The return to service practices after a good drill are an integral part of any drill. Ensuring the tools are inspected, adjusted to manufacturer’s specifications and properly lubricated and fueled are essential to future on scene performance. The inspection process should be a meticulous examination of the tool. This week’s featured firefighter near-miss report illustrates why.
“I had just finished cleaning and reassembling a chainsaw after our roof ventilation training. After ensuring that the saw was put back together correctly and adjusting the chain tension, I started the saw to test it. The saw was running at full speed for approximately 15 seconds when the chain came off and bound up on itself…The drive lugs were damaged and prevented the chain from sitting in the grooves of the bar of the chainsaw.”
Vent saws turn at thousands of revolutions per minute and undergo extreme stress while used on the drill ground and on the incident scene. Armed with this knowledge, the return to service inspection needs to be especially thorough. People who know chain saws attest to the fine machining and tight tolerances of the tool. Taking some extra time to inspect the finer edges of the machined parts to ensure they have not been damaged is an essential element to a properly working piece of equipment and a reduction in injury exposure. Consider the following:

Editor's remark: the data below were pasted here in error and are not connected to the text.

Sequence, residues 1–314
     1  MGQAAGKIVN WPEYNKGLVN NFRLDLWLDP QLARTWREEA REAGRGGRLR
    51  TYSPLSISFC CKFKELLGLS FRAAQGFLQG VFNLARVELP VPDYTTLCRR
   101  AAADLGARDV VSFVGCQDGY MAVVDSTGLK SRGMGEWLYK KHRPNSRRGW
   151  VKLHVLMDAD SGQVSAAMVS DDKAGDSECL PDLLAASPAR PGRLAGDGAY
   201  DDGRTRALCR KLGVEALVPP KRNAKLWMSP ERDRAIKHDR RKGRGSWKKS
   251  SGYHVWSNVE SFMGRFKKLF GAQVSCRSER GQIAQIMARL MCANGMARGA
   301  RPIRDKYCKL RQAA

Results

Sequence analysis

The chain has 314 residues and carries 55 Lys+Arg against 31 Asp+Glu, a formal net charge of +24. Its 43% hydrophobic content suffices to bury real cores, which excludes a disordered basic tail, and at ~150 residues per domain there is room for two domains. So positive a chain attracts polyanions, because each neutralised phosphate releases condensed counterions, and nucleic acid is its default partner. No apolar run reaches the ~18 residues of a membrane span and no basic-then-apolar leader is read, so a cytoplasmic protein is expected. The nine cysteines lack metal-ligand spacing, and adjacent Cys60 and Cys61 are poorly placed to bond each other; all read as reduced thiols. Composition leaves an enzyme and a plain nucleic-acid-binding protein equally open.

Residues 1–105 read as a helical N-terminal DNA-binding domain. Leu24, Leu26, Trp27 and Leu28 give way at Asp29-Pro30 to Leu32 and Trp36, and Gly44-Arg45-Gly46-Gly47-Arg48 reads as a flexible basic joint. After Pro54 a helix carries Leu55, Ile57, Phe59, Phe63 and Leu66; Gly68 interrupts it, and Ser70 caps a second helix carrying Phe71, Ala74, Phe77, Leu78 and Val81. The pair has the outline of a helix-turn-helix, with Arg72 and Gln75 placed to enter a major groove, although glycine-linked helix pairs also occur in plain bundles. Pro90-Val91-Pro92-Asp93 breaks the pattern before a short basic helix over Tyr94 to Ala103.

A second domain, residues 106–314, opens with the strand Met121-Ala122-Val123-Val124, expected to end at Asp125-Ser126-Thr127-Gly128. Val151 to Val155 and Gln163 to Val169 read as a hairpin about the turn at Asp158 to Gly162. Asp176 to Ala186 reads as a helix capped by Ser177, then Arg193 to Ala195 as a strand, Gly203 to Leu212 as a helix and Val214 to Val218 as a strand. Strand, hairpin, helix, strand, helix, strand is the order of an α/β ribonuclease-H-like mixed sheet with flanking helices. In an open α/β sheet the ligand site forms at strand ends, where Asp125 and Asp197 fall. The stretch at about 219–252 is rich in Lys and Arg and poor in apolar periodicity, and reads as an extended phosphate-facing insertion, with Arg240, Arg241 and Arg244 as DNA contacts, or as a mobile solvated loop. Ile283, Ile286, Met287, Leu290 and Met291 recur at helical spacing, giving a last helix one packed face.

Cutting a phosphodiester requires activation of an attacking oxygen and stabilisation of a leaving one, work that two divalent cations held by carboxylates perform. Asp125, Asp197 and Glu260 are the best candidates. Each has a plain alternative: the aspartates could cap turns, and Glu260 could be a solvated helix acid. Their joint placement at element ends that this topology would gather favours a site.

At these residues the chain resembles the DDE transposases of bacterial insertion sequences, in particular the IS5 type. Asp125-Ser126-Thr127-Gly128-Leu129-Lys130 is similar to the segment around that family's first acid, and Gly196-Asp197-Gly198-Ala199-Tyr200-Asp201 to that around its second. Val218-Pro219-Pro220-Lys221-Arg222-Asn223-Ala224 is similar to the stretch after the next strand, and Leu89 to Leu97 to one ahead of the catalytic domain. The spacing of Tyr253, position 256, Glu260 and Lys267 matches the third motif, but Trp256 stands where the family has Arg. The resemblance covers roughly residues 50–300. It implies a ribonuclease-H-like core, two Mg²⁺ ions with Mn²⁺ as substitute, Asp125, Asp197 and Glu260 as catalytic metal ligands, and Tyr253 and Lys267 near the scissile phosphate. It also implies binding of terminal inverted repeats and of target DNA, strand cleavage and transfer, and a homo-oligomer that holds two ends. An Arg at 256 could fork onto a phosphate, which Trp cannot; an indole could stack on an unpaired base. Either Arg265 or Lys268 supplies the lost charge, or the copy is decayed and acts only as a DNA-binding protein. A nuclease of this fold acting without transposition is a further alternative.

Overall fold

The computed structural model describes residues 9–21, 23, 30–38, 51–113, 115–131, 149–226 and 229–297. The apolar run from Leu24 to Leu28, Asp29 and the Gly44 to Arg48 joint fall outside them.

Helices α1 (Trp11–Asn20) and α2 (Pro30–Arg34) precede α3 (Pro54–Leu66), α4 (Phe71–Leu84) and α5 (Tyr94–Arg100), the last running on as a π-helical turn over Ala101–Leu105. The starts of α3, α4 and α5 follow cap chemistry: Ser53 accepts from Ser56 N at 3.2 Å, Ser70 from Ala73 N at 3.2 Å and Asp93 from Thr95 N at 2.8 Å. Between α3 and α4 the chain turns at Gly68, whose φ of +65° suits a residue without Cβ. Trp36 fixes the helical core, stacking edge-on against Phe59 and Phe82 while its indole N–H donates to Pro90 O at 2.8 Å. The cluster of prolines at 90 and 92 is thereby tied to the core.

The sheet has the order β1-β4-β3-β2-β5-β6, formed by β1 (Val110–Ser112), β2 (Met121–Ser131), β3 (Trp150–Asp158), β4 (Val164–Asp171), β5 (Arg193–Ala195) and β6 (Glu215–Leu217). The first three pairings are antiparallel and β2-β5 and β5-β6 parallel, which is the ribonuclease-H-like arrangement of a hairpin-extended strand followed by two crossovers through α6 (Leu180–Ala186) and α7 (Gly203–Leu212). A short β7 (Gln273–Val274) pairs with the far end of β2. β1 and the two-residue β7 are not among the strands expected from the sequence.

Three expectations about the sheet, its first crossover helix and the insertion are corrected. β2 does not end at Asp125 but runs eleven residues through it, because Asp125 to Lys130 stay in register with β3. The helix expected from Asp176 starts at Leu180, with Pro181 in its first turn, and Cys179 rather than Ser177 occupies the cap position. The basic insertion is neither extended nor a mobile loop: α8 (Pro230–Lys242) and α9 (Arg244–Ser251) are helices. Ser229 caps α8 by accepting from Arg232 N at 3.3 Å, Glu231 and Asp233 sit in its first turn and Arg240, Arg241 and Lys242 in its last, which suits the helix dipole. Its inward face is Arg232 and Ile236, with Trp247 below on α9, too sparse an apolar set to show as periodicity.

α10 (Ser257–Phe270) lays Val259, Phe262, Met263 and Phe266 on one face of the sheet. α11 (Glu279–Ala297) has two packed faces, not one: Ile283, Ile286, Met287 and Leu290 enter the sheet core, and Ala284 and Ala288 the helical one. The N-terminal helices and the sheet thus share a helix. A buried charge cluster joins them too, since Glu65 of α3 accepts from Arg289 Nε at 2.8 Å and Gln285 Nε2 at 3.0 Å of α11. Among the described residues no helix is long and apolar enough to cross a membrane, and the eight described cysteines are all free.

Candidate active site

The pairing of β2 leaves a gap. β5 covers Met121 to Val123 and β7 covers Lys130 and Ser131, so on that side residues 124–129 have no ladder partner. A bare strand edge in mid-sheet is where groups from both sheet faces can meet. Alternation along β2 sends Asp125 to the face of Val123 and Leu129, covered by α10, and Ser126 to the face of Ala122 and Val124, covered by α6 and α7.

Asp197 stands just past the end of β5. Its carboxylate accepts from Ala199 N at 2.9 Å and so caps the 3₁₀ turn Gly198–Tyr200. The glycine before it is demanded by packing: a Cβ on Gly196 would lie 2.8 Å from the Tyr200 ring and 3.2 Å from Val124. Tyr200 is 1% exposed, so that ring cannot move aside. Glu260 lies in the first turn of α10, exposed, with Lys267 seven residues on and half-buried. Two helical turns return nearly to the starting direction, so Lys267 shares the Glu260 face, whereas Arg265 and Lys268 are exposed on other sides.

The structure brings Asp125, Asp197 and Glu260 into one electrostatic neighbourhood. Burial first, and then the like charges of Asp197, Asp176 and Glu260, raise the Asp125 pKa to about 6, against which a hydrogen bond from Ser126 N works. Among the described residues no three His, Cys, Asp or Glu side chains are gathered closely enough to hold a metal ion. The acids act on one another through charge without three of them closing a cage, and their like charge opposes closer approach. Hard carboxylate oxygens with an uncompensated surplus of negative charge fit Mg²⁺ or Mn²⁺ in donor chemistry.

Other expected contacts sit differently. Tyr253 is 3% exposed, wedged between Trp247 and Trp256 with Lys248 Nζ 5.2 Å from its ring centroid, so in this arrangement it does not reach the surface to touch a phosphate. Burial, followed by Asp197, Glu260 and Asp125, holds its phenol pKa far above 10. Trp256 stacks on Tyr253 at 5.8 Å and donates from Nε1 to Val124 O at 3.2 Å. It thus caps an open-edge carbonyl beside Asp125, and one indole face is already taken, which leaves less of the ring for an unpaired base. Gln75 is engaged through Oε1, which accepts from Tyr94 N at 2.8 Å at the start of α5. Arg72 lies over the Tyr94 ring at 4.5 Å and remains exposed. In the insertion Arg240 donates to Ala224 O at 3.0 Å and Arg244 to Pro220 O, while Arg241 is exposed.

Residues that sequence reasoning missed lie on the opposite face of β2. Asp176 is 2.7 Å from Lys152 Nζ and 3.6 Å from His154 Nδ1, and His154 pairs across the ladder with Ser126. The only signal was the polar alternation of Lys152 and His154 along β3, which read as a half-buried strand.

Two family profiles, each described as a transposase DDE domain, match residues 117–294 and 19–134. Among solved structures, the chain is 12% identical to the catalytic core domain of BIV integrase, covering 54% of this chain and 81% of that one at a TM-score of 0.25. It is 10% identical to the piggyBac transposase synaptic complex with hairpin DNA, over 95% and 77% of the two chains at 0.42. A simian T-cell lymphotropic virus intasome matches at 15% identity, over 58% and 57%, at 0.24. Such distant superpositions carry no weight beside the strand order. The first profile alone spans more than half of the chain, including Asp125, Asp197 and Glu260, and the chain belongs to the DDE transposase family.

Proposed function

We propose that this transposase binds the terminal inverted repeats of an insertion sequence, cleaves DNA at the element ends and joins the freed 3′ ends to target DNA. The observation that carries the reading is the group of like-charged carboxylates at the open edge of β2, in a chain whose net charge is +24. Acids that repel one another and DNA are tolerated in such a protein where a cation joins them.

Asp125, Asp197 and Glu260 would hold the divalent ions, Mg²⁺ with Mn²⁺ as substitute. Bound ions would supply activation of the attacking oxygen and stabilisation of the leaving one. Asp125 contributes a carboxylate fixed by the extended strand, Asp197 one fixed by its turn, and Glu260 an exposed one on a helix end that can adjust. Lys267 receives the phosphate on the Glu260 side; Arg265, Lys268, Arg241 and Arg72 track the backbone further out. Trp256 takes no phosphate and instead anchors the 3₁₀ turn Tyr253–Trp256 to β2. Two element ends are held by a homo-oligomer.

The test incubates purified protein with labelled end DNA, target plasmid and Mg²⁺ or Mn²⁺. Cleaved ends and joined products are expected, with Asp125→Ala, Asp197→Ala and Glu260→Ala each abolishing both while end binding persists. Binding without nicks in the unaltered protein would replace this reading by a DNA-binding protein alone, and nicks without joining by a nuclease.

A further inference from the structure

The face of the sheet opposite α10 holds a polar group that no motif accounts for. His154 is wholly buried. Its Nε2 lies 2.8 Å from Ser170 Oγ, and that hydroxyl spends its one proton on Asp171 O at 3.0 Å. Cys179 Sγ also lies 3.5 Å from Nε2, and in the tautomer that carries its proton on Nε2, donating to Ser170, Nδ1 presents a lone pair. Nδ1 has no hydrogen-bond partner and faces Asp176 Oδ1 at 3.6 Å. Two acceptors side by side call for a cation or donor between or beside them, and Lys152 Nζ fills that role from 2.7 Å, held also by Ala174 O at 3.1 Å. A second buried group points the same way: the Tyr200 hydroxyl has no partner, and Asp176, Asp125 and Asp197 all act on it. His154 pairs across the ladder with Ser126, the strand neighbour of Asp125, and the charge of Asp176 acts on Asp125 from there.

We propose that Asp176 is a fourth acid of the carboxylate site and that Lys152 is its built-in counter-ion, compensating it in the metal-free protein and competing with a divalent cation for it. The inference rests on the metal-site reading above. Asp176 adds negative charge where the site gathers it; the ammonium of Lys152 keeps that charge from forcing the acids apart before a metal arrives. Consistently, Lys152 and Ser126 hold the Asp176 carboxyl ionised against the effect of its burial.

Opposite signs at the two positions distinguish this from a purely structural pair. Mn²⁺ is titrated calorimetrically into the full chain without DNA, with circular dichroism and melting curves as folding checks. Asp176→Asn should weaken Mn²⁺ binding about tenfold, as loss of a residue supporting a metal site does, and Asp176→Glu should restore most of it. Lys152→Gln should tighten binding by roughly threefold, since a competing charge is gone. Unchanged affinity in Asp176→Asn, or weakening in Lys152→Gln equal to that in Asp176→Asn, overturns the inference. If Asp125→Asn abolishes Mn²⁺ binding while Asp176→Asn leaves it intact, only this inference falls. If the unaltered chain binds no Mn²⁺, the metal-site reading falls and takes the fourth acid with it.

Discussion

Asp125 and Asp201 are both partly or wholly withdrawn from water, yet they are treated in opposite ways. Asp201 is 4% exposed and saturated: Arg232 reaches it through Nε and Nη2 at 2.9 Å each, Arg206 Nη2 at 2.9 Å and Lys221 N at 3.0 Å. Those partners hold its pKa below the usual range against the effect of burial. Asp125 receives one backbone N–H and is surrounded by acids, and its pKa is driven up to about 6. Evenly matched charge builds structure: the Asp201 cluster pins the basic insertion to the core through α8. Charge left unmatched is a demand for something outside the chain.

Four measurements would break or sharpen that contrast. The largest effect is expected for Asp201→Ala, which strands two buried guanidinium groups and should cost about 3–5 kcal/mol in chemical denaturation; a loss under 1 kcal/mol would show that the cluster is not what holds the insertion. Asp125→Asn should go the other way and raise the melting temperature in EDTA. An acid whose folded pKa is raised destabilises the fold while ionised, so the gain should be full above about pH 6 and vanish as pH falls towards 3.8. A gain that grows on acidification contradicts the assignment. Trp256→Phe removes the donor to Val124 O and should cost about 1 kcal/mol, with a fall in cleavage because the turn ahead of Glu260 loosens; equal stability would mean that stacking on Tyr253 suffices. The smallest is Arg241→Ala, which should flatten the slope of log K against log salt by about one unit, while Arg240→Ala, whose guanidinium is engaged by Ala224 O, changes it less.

- Where can the “drive lugs” be found on a chain saw?
- How often are the power tools in your department serviced by a qualified technician?
- Given your power tool service experience, is an inspection of the drive lugs and other moving parts with tight tolerance, part of your process?
- Do you use eye and hearing protection while conducting power tool maintenance? If yes, why? If no, why not?
- Did this report bring anything to light about your practices and actions?
The drill goes well. The vent saw performs as designed. Once the drill is concluded, the return to service process needs to recall how the tool was handled. Slammed at full throttle into a roof prop or the built up roof of an abandoned building, torqued off center, twisted during a cut that causes the chain to bind in the bar, or otherwise abused, the chain saw goes through some tough paces in the hands of its users. An inspection that keeps in mind how the tool was handled, in addition to the experience of this reporter, will result in a more thoroughly inspected tool that is less likely to fail.
Have you submitted your chain saw, or other power tool near-miss report, to www.firefighternearmiss.com yet? Don’t put others at risk by keeping your near miss to yourself. For more on the value of firefighter near-miss reporting, CLICK HERE.
Note: The questions posed by the reviewers are designed to generate discussion and thought in the name of promoting firefighter safety. They are not intended to pass judgment on the actions and performance of individuals in the reports.